The Obama Roadblock: Why He's Sagging Online
BY Micah L. Sifry | Monday, September 21 2009
If you chart the daily viewership of Barack Obama's official channel on YouTube, you might conclude that being President of the United States is the kiss of death for online enthusiasm. Here's TubeMogul's full chart from January 20 to present, which you have to scroll through using the slider at the bottom to get the full picture.
TubeMogul breaks down all the sources of these daily totals, and the internal numbers show something even worse for Obama's YouTube channel: A lot of his daily numbers are coming from people viewing old videos, not the newer material his team has been posting to engage the public in current issues. For example, yesterday September 20 his channel got almost 42,000 views. But more than half those views--22,400--came from 40 of his all-time best videos (call them the oldies but goodies). By contrast, his September 10 speech before a joint session of Congress on health reform only got 4,123 views yesterday. Here's the track for that video alone:
Since becoming President, the most views Obama has gotten on YouTube has been for his most unscripted moment in the White House: his swatting of a large fly during a CNBC interview three months ago. "I got the sucker," he grins to the cameras. Versions of the clip have amassed more than 4 million views. And for good reason: it's funny, and it reveals a side of Obama--a natty Ninja flyswatter--that people can both laugh at and identify with.
There's a lesson buried in these statistics, especially on the day after Obama blanketed the Sunday morning TV chat shows (appearing on a record five in all). The internet is a great place for certain kinds of political content, and not for others. Scripted speeches and planned soundbites don't get forwarded around very much online. We are bombarded with canned marketing messages all day long as it is; what does spread online are the moments that provide what viewers think is a more authentic view or revealing view of a politician or issue.
These need not be 10-second soundbites, either, because the internet, unlike broadcast media, has no time limits. It is an abundant, not scarce, medium. A "soundblast" like Obama's 37-minute speech on race, which viewers searched out online because they had heard it was unusually thoughtful for a politician, has been viewed more than 6.1 million times on YouTube.
As President, Obama could be using the internet medium in innovative ways, but so far, whatever understanding of online media the Obama team once demonstrated during the presidential campaign appears to have been subsumed by more cautious and traditional media thinking now. His strategists' comments about yesterday's TV blitz shows how much they've retreated into a purely "broadcast" mentality. From the New York Times:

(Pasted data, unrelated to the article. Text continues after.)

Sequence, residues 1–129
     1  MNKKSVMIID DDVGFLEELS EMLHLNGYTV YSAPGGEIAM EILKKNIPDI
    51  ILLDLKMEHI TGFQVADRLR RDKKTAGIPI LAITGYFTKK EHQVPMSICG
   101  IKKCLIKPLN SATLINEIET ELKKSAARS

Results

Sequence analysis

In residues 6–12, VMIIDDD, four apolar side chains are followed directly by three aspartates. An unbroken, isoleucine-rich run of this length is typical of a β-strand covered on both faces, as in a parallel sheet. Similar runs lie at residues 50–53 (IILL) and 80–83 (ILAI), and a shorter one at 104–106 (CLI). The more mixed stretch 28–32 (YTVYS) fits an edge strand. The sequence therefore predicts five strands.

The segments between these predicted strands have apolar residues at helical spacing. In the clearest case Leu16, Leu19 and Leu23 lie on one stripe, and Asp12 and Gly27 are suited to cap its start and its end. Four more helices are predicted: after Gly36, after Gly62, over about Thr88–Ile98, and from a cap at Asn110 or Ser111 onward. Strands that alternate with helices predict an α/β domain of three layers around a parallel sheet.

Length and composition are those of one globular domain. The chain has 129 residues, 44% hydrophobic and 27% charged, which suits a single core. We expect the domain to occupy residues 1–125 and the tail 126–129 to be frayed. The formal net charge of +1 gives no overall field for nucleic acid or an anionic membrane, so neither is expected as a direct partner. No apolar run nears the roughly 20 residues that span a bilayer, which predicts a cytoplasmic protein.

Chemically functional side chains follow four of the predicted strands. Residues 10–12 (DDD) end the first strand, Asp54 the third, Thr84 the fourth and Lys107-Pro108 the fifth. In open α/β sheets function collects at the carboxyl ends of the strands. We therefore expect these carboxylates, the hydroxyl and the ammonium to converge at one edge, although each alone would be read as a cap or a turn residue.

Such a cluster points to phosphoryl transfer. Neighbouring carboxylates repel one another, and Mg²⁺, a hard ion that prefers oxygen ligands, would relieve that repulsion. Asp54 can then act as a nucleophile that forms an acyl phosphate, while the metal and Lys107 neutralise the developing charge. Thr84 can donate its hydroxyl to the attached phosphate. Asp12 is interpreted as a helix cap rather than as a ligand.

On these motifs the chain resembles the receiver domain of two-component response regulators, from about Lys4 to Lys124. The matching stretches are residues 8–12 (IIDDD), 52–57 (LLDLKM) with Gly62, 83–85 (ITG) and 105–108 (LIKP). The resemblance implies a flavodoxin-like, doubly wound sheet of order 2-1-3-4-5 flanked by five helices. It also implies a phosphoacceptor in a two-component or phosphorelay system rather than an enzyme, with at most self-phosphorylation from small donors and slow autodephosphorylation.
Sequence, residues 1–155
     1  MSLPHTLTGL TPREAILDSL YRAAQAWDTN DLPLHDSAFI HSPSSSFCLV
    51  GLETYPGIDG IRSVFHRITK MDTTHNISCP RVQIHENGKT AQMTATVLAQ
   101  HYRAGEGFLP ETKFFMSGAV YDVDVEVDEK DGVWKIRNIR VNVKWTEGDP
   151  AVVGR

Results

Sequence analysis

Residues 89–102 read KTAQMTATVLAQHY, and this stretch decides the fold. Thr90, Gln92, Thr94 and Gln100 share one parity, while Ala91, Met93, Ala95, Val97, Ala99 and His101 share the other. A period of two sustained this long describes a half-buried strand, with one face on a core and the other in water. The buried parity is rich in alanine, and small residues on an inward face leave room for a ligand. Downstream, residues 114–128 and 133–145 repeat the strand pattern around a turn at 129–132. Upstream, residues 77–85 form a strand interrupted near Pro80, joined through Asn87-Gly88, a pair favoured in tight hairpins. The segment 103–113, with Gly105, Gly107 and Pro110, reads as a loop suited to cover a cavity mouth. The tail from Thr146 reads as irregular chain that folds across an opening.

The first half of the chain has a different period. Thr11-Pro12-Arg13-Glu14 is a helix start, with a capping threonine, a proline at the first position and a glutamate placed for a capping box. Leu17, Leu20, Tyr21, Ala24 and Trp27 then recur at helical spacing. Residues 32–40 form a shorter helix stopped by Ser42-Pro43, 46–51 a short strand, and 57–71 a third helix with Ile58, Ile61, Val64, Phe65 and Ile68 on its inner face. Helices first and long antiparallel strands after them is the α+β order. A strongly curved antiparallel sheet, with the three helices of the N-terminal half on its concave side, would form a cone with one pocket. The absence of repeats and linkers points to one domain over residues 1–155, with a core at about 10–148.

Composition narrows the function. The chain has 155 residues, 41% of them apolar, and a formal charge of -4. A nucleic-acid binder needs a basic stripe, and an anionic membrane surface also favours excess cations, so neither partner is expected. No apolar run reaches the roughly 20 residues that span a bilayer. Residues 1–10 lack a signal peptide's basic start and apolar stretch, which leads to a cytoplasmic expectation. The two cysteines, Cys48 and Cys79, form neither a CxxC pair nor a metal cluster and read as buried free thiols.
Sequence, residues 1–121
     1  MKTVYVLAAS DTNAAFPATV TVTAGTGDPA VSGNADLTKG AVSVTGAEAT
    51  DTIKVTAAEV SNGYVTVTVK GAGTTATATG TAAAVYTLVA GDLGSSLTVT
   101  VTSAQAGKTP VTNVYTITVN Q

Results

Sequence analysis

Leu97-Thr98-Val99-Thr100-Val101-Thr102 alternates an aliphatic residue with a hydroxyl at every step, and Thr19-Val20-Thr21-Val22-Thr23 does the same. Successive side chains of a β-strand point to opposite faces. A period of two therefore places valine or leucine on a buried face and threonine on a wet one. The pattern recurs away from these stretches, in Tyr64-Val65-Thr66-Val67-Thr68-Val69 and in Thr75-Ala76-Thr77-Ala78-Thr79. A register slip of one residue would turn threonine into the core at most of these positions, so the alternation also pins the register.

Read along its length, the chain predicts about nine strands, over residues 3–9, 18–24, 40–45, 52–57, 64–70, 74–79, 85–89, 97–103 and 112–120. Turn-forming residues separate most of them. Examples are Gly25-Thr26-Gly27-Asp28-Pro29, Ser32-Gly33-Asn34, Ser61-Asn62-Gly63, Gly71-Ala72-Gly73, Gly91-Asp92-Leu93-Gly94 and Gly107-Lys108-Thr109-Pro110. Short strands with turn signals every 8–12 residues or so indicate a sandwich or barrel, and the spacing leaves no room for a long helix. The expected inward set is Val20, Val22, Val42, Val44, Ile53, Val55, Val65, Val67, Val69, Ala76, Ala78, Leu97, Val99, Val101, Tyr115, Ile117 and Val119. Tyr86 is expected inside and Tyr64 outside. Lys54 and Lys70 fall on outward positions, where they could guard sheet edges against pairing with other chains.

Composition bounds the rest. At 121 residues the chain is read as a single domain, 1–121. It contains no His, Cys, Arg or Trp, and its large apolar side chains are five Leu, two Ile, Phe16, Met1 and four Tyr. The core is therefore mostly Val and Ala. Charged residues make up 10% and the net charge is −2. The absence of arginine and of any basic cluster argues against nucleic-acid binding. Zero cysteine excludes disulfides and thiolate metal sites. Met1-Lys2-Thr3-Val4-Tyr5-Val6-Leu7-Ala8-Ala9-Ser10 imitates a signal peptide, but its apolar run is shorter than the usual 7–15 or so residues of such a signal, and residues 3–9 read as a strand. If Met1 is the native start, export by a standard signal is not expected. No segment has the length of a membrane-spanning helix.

“The idea of overexposure is based on an old-world view of the media,” said Dan Pfeiffer, the White House’s deputy communications director. Because the media are now so fragmented, Mr. Pfeiffer said, “you would have to do all the Sunday shows, a lot of network news shows and late-night shows” to reach the number of viewers a president could address with one network interview 20 years ago.
In other words, you’d have to be on TV a lot, like Barack Obama.
“We’re essentially roadblocking the time by appearing on each station,” David Axelrod, senior adviser to the president, said of Sunday’s schedule.
These comments reveal top White House strategists thinking of media purely in terms of reach, or eyeballs imprinted. But did anything the President said yesterday on those five programs leave an impression? If so, it would be flying around the internet today. And nothing is. Which I think was deliberate. In terms of media we choose to watch and recommend to our friends--as opposed to media chosen for us--the Obama roadblock was in front of a dead end.
The best we have is a shortclip of Obama decrying "the 24-hour news cycle, and cable television and blogs and all this...they focus on the most extreme elements on both sides, they can't get enough of conflict. It's catnip to the media right now." That's gotten about 16,000 views since yesterday morning.
And it's revealing for what this clips says (or rather repeats, for those of us who have been paying attention) about Obama's personal view of online media. Blogs are lumped in with cable television and the dreaded 24-hour news cycle. The notion of networked media, of engaging the "people who used to be called the audience," seems glaringly absent from his imagination. Once upon a time, candidate Obama said:
We need to connect citizens with each other to engage them more fully and directly in solving the problems that face us. We must use all available technologies and methods to open up the federal government, creating a new level of transparency to change the way business is conducted in Washington and giving Americans the chance to participate in government deliberations and decision-making in ways that were not possible only a few years ago.
But instead of inventing a new kind of online conversation to engage the public and "change the way business is conducted in Washington," Obama is just falling back on older, less effective, methods. It's not too late for him to try something new, but given how things have been going, I'm not holding my breath.